Morris County Ranked Healthiest in New Jersey
Morris County has once again been ranked as the Number 1 healthiest county in New Jersey in an annual, national study released this week by the University of Wisconsin Population Health Institute and the Robert Wood Johnson Foundation.
“This is wonderful and welcome news, and I think we earned it. The report says Morris County ranked very well on many factors, such as a long life-expectancy, high education levels and opportunities for social associations, while having some of the lowest rates in New Jersey of unemployment, violent crime and child poverty,” said Tayfun Selen, Director of the Morris County Board of County Commissioners.
The 2022 County Health Rankings, a national study of counties in all 50 states, annually places Morris County at the top of the list. The study analyzes community factors like crime, education, environmental health, financial success, disease and mortality rates, lifestyle habits, and the availability of nutritional foods, medical care, and exercise opportunities.
“The County Health Rankings model illustrates a broad vision for health. The model shows that policies and programs at the local, state and federal levels play an important role in shaping health factors that in turn, influence a community’s health outcomes. By implementing strategies that target the specific health challenges of a community, there is an opportunity to influence how long and how well people live,” the report notes.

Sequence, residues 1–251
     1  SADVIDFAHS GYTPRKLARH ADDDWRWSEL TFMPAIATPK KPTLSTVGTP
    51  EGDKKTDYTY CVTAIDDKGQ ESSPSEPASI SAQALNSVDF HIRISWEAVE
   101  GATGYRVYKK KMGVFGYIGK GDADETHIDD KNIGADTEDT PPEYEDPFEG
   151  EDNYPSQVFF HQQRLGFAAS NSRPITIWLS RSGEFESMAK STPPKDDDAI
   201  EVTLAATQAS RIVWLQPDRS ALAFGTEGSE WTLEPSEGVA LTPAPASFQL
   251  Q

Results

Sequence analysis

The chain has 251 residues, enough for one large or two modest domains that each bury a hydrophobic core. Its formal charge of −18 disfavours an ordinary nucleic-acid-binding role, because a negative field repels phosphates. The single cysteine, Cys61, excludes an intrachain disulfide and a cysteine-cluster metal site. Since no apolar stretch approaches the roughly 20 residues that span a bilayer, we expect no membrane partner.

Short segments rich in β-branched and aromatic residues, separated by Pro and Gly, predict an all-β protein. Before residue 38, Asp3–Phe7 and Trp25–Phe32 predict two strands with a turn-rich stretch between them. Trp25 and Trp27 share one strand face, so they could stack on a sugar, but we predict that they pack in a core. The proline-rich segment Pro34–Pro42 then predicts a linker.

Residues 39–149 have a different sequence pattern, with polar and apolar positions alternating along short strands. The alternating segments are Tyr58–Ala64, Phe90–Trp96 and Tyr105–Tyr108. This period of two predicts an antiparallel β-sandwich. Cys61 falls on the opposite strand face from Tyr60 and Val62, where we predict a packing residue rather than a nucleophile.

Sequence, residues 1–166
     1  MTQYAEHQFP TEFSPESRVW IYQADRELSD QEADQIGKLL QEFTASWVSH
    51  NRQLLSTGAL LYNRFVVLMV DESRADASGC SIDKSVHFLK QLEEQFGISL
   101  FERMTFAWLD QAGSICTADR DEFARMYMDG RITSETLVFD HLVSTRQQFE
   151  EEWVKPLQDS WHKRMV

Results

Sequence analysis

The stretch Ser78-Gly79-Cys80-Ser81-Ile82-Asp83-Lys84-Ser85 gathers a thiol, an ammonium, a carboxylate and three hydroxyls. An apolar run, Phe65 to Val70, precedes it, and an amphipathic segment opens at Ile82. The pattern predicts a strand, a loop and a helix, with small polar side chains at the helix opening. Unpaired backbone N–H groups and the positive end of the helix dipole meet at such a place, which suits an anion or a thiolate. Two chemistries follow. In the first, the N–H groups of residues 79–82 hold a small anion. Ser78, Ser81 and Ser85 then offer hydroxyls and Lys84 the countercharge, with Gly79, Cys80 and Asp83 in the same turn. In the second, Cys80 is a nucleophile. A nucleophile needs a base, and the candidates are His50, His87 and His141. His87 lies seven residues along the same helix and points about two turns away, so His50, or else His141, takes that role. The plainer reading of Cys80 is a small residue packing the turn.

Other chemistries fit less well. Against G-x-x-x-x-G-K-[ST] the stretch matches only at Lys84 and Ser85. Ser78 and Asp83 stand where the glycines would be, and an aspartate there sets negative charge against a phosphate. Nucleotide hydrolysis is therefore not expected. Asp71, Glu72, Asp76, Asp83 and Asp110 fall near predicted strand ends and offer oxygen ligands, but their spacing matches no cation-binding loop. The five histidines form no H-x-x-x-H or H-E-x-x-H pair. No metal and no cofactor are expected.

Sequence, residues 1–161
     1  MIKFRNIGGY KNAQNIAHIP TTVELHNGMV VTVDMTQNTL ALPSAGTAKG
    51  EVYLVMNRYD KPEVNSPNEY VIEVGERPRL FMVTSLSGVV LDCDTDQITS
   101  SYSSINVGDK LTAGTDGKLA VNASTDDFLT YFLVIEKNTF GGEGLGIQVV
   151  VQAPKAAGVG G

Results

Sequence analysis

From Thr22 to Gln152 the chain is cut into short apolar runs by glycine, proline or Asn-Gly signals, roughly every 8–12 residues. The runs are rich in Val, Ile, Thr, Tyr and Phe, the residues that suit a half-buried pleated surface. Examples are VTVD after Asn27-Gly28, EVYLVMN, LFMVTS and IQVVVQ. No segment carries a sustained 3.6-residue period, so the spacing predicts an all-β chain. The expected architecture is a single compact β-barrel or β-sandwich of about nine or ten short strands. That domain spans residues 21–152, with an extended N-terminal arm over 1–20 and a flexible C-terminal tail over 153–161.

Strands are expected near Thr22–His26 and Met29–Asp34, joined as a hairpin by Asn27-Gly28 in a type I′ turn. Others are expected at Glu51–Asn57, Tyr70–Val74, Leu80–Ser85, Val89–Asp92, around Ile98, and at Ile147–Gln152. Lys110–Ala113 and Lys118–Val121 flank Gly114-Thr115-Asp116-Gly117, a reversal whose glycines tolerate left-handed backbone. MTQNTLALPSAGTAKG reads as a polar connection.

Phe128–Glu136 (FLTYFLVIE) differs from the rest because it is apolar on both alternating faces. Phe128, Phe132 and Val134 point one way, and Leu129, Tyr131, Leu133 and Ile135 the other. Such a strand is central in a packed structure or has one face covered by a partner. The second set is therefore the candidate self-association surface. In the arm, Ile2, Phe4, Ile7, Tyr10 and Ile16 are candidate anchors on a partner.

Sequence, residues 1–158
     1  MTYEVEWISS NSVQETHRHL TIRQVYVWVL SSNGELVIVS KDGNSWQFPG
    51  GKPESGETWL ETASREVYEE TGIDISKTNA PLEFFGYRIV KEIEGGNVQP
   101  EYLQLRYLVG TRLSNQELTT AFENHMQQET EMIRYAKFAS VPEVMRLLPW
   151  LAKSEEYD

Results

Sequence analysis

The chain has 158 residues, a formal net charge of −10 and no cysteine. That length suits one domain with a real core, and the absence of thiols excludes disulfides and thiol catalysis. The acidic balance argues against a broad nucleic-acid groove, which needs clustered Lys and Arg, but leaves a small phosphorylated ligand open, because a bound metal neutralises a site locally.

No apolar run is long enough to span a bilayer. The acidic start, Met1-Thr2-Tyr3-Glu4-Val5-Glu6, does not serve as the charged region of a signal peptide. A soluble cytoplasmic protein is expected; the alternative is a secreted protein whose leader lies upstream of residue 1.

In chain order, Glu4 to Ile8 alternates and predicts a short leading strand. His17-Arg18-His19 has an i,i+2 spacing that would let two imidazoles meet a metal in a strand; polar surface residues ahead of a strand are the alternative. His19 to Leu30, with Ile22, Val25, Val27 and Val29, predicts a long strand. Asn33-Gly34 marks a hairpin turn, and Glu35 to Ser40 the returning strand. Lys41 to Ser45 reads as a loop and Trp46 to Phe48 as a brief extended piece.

Morris County has much lower rates of adult smoking, obesity, alcohol-impaired driving deaths, sexually transmitted diseases, and teen births than the state average. The county also has a lower rate of unemployment than the state average and has significantly fewer children in poverty than the state’s average.
Morris County has significantly higher rates of high school completion and college participation, as well as vaccinations, mammography screenings, and engagement in physical activities.
Read the full report on Morris County here.
“We’re naturally appreciative and proud of this continuous top ranking as the healthiest county in New Jersey. Most people who live here already know we are one the best places anywhere to work, raise a family and live, and that did not happen by chance,” said Commissioner Deputy Director John Krickus. “Morris County can point to generations of residents who have worked and pursued opportunities for themselves and their children by increasing the quality of education, creating a strong economy and employment opportunities, leading New Jersey in open space preservation and with the number one county park system.”
The Board of County Commissioners cited a few recent pursuits undertaken to maintain public health, including:
- Continued protection of open space, 17,682 acres to date, and enhancement of the largest county park system in New Jersey, with over 20,394 acres of parkland, 38 recreational facilities, and more than 253 miles of trails.